Common ADHD medication may provide insight into other ways to treat this and other neuromuscular diseases
Using a common attention deficit hyperactivity disorder (ADHD) medication appears to help manage the symptoms of a rare and currently difficult to treat genetic movement disorder primarily found in children, according to a new study from a University of Maryland School of Medicine (UMSOM) researcher Andrea Meredith, PhD, and her collaborators.
The disorder, KCNMA1-linked channelopathy, named after the affected gene, can cause abnormal, involuntary movements from collapsing episodes, in which patients slump forward with their arms and legs appearing rigid. These episodes can occur up to 300 times per day, putting patients at risk of serious injury.
The researcher found that the stimulant drug, lisdexamfetamine, reduced these attacks and may help other accompanying symptoms, such as seizures and developmental delays, as well.
These findings were published online on December 11, 2021 in Movement Disorders Clinical Practice.
The researchers say their findings can help to better understand different brain regions involved with the attacks and how the disease manifests itself. While this research shows promise of specifically treating KCNMA1-linked channelopathy, there are broader implications to exploring the treatment effects on the body, potentially shedding light on the mechanisms behind other neuromuscular diseases and how to treat them.
“Sometimes the science doesn’t initially lead us to the answers, it is often the patients and families themselves,” said senior author Dr. Meredith, Professor of Physiology at the University of Maryland School of Medicine.
Only about 75 people so far have been identified worldwide with this disorder which was identified as recently as 2005. A major advance came in 2019 when it was reported anecdotally that a child suffering from the disorder was prescribed lisdexamfetamine by their neurologist, which according to the family seemed to help. The physician tried this stimulant medication, commonly used to treat cataplexy-related disorders; the child’s symptoms resembled cataplexy, which is a sudden muscle weakness without losing consciousness. From there, word spread to other families over social media, news media, and the disease’s advocacy foundation, KCNMA1 Channelopathy International Advocacy Foundation, that was co-founded by Dr. Meredith. The buzz from the patients’ families spurred neurologists, including the study authors, to test the relatively safe drug that is approved by the U.S. Food and Drug Administration to treat ADHD.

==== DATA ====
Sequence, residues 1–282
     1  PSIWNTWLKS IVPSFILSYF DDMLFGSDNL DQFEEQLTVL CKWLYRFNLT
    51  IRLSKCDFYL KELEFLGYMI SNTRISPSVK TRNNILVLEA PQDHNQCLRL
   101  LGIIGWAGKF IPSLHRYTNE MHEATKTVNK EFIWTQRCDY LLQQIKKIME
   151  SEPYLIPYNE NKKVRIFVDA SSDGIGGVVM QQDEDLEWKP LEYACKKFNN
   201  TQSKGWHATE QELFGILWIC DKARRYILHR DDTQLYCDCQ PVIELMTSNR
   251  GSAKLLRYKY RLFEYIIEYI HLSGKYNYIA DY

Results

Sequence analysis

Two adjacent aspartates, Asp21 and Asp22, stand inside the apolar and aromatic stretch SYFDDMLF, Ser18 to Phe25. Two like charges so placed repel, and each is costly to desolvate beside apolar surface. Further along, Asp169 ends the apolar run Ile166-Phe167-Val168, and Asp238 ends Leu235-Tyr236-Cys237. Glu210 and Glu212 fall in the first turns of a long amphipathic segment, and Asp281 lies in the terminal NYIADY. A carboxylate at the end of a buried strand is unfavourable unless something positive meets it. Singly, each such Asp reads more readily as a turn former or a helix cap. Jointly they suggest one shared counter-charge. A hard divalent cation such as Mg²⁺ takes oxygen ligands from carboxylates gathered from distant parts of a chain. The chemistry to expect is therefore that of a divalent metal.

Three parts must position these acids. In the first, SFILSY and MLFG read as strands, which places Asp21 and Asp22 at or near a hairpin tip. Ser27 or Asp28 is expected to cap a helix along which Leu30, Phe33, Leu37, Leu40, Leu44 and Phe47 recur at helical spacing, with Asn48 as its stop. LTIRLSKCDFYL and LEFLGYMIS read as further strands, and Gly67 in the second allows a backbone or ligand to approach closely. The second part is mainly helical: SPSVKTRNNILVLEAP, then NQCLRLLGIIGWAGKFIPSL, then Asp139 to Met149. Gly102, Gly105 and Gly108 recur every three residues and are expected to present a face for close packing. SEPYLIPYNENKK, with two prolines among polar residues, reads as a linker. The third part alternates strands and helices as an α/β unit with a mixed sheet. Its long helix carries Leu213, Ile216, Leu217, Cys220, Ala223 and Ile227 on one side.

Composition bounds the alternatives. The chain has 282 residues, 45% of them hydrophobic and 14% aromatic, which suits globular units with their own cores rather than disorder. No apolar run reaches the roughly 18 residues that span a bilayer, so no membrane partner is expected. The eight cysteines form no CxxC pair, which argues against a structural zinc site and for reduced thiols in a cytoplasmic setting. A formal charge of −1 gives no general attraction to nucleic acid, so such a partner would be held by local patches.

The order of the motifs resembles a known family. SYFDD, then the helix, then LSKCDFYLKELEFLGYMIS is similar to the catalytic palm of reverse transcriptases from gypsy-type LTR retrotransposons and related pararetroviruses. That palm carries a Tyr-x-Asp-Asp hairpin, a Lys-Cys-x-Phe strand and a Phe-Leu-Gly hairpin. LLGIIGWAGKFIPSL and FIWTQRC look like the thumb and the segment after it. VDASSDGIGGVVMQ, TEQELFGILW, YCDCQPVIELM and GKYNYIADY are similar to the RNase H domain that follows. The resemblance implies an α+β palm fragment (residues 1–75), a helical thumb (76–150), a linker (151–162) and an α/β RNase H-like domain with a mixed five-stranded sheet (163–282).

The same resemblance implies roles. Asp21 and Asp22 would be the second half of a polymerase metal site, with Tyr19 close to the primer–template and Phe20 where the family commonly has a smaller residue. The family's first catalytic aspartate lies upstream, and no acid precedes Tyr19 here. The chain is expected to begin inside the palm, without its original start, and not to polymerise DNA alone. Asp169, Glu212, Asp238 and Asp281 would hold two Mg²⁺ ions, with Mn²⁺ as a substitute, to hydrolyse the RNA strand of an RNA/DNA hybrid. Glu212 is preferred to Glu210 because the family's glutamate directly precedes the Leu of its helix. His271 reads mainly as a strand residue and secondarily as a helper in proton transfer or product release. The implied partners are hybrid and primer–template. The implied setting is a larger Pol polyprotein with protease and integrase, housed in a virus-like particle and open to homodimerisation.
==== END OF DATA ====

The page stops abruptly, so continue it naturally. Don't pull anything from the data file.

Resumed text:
For their study, the researchers analyzed reports of six patients treated with lisdexamfetamine. They found that the collapsing episodes were reduced by about 10-fold or were completely resolved in four patients. Most patients also showed improvements in speech, school performance, concentration, and social skills, all of which can affect patients with this disease as well. None of the patients experienced seizures during the study period. The most common side effect reported was loss of appetite and difficulty sleeping.
“From the anecdotal reports we already had, we weren’t particularly surprised by these findings,” said Dr. Meredith. “But gathering the real-world evidence that the drug is actually working to treat the symptoms is important for clinicians who may prescribe the drug to officially diagnosed patients.”
It is currently unclear how lisdexamfetamine works to treat the attacks. The gene affected in the disorder, KCNMA1, encodes a protein that makes a ‘channel’ in brain and muscle cells. This channel lets potassium out of the cell to change its electric charge. Neurons in the brain send messages and tell the muscles to move using these electrical signals, but the exact way this channel disruption leads to the symptoms experienced by the patients is unknown.
However, the success of lisdexamfetamine treatment in the small group of patients may provide the answers. “We have exciting mechanistic avenues to pursue as a result of this finding,” said Dr. Meredith. “We do know that the drug does not directly affect the activity of the channels, so we think the drug has either a separate, or an indirect effect, on the channels.”
They researchers plan to continue studies of the disorder and the drug in their mouse models.
“Rare diseases are often overlooked in research and treatment ,” said E. Albert Reece, MD, PhD, MBA, Executive Vice President for Medical Affairs, UM Baltimore, and the John Z. and Akiko K. Bowers Distinguished Professor and Dean, University of Maryland School of Medicine. "We are proud of our researchers in pursuing treatment of a rare disease that opens new doors, pushes medical boundaries, and improves the lives of those who may feel left behind.”
Other authors on the study included Sotirios Keros, MD, PhD, and Zach Grinspan, MD, MS, of Weill Cornell Medical College; Jennifer Heim, MD, Wejdan Hakami, and Michael Kruer, MD, of Phoenix Children's Hospital; and Efrat Zohar-Dayan and Bruria Ben-Zeev, MD, of Chaim Sheba Medical Center, Israel.
Dr. Meredith’s research is supported by grants from the National Heart, Lung, and Blood Institute (R01-HL102758), the National Institute of General Medical Sciences (T32-GM008181), and the S&R Foundation Ryuji Ueno Award for Ion Channels Research (The American Physiological Society).
Dr. Keros, Dr. Meredith, and Dr. Kruer are uncompensated officers of the non-profit KCNMA1 Channelopathy International Advocacy Foundation. The authors declare no conflicts of interest related to this work.
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